“I had a cherry red Mustang convertible back then,” says Williams. “I wasn’t sure how I was going to pay for classes, but just as I was getting ready to sign up, I totaled the car. I collected the insurance money and used it to pay for training. It was a blessing in disguise.”
Toronto native Cherry Bomb proudly credits her father as being her inspiration for becoming a wrestler. Cherry’s parents divorced when she was young, and she lived with her mother, aunt, and cousins in her grandmother’s house. She visited her father on weekends, and that’s where her passion for wrestling began.
“Dad would turn on wrestling and say, ‘This is Hulk Hogan. Watch him,’” she remembers. Her cousins never took to the sport like she did, but Cherry’s father watched wrestling with her and took her to her first live matches. “When Shawn Michaels won the title at WrestleMania XII, I ran to the phone and called my Dad. I was at a friend’s house, and he was watching with his buddies. We were both so excited, and we said we had to watch it again together.”
After Cherry lost her father at the age of twelve, wrestling lost its appeal. She got into music and played in several bands, but it wasn’t until late in her high school career that she began watching wrestling again.
That was when she discovered Trish Stratus. The women Cherry remembered from her childhood were managers like Sherri Martel and Sunny. Trish opened her mind to the possibility that women could wrestle. On career day in Grade 12 at her all girls Catholic high school, Cherry made a bulletin board covered in WWE Divas and told her classmates that they would all see her one day on the WWE.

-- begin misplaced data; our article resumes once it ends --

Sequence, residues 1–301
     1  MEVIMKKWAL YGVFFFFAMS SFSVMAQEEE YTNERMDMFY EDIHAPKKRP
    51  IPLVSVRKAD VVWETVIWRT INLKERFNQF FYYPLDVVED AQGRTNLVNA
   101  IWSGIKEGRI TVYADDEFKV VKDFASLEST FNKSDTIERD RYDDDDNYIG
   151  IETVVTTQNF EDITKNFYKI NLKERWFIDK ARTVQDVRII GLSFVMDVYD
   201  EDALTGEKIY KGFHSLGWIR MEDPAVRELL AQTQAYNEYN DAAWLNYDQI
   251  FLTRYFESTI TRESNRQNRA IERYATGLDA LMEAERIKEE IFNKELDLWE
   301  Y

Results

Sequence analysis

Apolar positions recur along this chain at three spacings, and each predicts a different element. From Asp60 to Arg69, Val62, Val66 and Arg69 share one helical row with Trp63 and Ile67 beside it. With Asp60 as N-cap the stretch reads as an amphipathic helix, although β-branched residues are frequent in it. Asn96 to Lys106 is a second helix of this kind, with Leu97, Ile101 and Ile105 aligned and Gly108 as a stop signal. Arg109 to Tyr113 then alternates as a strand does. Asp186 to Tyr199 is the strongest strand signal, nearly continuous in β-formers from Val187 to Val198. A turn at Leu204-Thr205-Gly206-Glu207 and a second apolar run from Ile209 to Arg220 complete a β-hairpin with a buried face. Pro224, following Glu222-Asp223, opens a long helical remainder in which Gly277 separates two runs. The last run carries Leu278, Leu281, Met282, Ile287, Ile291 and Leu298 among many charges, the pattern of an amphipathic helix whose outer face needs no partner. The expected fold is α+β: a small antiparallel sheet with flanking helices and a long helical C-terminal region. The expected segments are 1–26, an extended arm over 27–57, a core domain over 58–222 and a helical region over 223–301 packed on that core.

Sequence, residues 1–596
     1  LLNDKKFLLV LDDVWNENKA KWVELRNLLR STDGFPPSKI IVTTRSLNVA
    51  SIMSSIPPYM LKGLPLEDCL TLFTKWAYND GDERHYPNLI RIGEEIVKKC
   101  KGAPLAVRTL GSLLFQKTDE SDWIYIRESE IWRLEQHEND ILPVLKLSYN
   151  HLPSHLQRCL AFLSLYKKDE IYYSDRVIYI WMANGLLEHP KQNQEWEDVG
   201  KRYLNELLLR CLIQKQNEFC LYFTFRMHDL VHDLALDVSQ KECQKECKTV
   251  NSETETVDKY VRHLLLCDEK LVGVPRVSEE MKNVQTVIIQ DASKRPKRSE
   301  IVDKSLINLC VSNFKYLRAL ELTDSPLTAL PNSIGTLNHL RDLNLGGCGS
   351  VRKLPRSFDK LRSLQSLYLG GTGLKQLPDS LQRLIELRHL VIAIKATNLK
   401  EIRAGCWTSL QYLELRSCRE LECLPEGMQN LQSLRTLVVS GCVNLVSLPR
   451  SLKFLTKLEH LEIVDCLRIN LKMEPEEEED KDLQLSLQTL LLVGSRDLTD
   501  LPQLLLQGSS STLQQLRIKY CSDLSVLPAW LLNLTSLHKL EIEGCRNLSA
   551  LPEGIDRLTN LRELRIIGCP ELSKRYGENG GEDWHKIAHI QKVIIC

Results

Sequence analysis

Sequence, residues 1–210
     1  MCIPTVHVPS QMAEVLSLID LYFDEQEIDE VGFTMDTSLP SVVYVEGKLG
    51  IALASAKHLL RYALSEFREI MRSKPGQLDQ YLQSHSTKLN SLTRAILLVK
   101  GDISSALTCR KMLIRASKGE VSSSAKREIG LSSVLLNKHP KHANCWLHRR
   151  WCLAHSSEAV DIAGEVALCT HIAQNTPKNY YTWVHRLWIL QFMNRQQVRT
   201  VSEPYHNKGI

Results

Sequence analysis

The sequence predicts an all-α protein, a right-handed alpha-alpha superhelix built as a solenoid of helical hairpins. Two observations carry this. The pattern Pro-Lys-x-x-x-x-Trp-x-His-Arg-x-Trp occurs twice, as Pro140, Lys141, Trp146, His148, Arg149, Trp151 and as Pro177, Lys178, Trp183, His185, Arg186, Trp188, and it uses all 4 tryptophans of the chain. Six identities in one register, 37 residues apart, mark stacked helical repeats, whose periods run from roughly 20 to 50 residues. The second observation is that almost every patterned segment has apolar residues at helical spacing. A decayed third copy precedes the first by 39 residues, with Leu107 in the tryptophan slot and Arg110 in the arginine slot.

Cherry wasn’t the only wrestler to announce her intentions at career day. “The Blackanese Assassin” Menace did the same. “I listed two things that I wanted to do. Wrestling was number one on that list along with being a Kindergarten teacher. I remember the look on a lot of people’s faces when I said a pro wrestler.”
Menace began watching at a young age and grew up on Mid-Atlantic, Georgia Championship Wrestling, the WWF, and the NWA. “I always wanted to be a wrestler when I grew up. I don’t think anybody in the family thought about it seriously, but it was always in my mind that, yes, I want to wrestle.”
Fans may be surprised to know that deathmatch legend Mad Man Pondo grew up in a mostly quiet family. Pondo’s grandparents were laid back, religious people, but when pro wrestling came on TV, something came over his grandmother, who would yell and scream and even cuss at the TV.
A man in Pondo’s neighborhood named Roy West, Jr., took an active interest in Pondo and the other nearby kids. West told the kids if they kept their grades up, he would take them to wrestling. “All of a sudden, I became a straight A student,” brags Pondo.
It’s hard to imagine a guy like Mad Man Pondo before wrestling, telling his family that he was going to become a wrestler, but just about everyone went through it. Even Zodiak, another masked deathmatch specialist from Kentucky, had to run his decision by Mom.
“My mom actually took it rather well,” he says. “She hasn’t come to many events, but she has been supportive, yet protective, in that mom way. I had picked up some info about training from a booth at the Flea Market in Richwood, KY. They guy there gave me a number and when I told mom about it she just said, “Well, call them and see what it’s about, but don’t kill yourself.”
Lylah Lodge never planned to become a wrestler. It was her brother and his friends who created a backyard wrestling group and dreamed of going pro. When her brother and his friends decided to sign up for professional training, Delilah tailed along.